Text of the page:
The Dangers of Childhood Obesity

The taunts started in fifth grade, when Fabio McCraw, who stood all of 5-foot-6, hit 200 pounds. “Hey, Fatio!” the kids would yell. “What size bra do you wear?” Fabio’s mother, Sandra Perez, recalls him coming home crying on many days. To her, it seemed as though the problem had come out of nowhere, that Fabio had ballooned overnight. Looking back now, though, she recognizes the slow progression of pounds and the chronically unhealthy—but all too common—habits that packed them on: all-day snacking on candy and drinking of sodas; a near complete lack of interest in sports unless it was an Xbox game; and a daily after-school stop at the fast-food joint near home. “I’d be cleaning his room and I’d find candy wrappers, sodas, Cheetos,” recalls Sandra, of San Diego, California. “I kept warning him, ‘You’re going to be overweight.’ But I didn’t have control of it. I was working all the time, and he wasn’t listening to me.”

While childhood obesity affects one in every six non-Hispanic white children between 2 and 19, in Mexican Americans that number is one in five, according to the Centers for Disease Control and Prevention. And research shows that, unlike in adults, an increased family income does not reliably predict a reduced risk for obesity in children. The fact is that just about everybody is vulnerable—even a boy like Fabio, whose mother works as a doctor counseling parents about the dangers of childhood obesity.

The problem is so severe that experts now predict that if current trends continue, about half of all the Latino babies born in 2000 will develop diabetes—a disease often directly linked to being overweight—as adults. They will also be more likely to develop high blood pressure, heart and kidney disease. “Our children are at the forefront of this disease,” says Elena M. Alvarado, president of the National Latina Health Network. “This country is in crisis mode.”

How Did This Happen?

There’s no simple answer.

Playing a big part in this epidemic is the environment. Suburban communities suffer from a lack of sidewalks and parks that encourage walking and urban areas are often plagued with violence. To make matters worse, many time—and money—strapped schools across the country have reduced or eliminated recess and physical education classes. And once they’re home, as any parent can attest to, kids are seduced by video games, TV and computers. In fact, more than 50 percent of Mexican American children spend three hours or more a day watching TV, compared to 37 percent of non-Hispanic white children, according to a 2001 study. The result? A generation that barely moves.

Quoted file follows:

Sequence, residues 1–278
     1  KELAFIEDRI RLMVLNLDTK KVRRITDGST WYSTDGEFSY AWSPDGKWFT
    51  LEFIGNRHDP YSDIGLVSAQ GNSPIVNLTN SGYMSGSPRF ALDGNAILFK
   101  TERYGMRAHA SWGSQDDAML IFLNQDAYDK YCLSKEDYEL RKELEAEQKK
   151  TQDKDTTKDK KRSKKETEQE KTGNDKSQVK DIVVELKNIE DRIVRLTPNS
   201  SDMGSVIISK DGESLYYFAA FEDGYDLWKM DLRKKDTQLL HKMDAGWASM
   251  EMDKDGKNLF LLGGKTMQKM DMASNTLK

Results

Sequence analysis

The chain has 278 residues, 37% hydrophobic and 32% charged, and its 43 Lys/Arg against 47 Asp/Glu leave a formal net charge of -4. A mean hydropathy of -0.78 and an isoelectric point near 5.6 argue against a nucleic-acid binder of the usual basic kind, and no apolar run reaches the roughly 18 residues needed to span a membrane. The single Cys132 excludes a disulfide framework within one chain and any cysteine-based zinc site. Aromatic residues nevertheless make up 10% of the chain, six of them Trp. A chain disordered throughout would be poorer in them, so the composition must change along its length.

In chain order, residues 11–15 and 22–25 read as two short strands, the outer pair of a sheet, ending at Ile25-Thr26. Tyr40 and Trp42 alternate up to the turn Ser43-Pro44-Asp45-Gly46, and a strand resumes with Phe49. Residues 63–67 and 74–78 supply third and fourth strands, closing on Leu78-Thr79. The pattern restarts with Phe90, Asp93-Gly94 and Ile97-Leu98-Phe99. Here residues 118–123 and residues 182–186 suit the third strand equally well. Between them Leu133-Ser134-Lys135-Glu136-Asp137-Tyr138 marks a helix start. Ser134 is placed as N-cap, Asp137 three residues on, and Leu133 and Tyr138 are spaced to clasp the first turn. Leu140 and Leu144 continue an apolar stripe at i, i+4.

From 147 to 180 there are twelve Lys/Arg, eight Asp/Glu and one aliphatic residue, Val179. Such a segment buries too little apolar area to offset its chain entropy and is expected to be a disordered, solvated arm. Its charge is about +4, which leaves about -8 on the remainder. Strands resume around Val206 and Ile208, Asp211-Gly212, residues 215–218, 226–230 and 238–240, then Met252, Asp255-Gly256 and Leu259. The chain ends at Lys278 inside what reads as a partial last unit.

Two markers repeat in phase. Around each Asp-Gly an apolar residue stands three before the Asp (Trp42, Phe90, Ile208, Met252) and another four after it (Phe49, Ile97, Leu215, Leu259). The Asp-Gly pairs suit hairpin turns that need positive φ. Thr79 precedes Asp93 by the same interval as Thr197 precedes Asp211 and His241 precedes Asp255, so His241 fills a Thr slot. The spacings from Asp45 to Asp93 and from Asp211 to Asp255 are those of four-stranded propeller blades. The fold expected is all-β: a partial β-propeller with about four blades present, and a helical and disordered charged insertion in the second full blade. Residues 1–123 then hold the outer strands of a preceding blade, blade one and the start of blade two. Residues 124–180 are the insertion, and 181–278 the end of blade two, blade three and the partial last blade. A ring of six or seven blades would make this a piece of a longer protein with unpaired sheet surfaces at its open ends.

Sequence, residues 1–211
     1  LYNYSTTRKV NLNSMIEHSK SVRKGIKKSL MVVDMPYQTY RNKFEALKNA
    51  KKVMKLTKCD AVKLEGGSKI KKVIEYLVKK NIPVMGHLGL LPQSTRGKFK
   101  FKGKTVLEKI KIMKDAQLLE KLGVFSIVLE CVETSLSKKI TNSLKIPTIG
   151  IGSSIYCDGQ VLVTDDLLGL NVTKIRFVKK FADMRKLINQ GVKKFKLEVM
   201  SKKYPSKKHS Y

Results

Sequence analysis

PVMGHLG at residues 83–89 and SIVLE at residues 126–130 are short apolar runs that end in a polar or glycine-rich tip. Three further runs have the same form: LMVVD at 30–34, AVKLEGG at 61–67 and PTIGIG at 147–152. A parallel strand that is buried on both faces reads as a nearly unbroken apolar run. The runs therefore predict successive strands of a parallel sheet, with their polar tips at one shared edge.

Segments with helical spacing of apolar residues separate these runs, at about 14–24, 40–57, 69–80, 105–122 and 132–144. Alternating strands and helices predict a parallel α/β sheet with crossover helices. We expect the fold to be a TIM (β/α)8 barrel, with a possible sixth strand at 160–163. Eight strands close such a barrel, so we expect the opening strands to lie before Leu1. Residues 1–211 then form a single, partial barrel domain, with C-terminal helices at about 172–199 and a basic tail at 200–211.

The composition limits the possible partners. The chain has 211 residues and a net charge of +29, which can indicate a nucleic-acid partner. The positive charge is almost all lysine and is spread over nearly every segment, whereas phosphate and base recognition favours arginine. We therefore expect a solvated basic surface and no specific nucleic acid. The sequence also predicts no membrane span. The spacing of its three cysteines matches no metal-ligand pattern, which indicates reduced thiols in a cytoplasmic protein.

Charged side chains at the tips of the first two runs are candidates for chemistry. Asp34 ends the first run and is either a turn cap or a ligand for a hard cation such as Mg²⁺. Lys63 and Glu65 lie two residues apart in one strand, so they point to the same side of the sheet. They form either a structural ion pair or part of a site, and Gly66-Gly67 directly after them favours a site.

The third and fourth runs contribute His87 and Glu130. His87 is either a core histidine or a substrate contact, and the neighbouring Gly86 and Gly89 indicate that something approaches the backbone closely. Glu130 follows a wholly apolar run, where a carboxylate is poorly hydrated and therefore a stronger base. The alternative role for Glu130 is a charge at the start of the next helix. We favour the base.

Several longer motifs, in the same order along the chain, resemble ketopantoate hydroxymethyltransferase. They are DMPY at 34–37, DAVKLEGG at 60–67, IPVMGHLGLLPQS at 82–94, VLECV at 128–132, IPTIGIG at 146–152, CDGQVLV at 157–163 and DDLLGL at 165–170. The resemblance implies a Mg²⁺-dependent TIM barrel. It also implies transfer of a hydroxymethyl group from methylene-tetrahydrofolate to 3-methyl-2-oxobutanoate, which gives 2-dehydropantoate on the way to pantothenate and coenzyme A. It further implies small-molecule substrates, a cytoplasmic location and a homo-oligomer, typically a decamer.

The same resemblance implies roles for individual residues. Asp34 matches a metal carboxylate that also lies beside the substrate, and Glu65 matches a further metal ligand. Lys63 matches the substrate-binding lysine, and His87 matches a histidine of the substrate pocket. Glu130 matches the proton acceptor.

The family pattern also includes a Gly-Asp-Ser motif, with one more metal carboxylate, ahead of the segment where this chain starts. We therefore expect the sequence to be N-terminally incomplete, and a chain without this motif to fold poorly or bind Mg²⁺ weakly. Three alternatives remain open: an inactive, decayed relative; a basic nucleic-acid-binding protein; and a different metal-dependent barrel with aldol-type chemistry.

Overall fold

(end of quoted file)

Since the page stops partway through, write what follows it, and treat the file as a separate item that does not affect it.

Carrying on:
Then there’s the matter of food. While some states are starting to crack down on fast food, junk food and soft drinks at public schools, the lunches offered there still often don’t include healthy options. There’s also no ignoring what some call “the Americanization” of Latino families as a factor. Studies show that first-generation Latino immigrants and the Latino children of parents who spoke Spanish at home are more inclined to both eat healthier—consuming more rice, fruits and vegetables and less saturated fats—and watch less TV than those born in the United States or whose parents exclusively use English at home. It’s “the culture of America,” says Dr. Onelia G. Lage, an associate professor of clinical pediatrics at the University of Miami’s Miller School of Medicine. “You move fast, Mom and Dad work—the fast-food concept settles in.”

There’s one more scary factor. Researchers are starting to believe that some Latino kids are genetically wired to be overweight. At the Children’s Nutrition Research Center at Baylor College of Medicine in Houston, researchers have collected DNA from 1,000 Latino children and their parents to explore whether they have a particular genetic tendency toward obesity. The study’s principal researcher, Nancy Butte, Ph.D., says that variants of certain genes may appear more frequently in Latinos. If your child has these genetic traits, he isn’t doomed, she says; he just has to work harder to stay slim.

So what’s really at stake? Overweight children are more likely to develop asthma, high cholesterol, hypertension, sleep apnea, orthopedic problems, depression and diabetes. One disease drawing a lot of concern is Type 2 diabetes, which has increased in all kids, but particularly Latinos. Virtually unknown in children 10 years ago, Type 2 diabetes, which was once known as adult-onset diabetes, puts kids at risk for hypoglycemia, blindness, nerve damage and other health problems, not to mention a tragically shorter lifespan.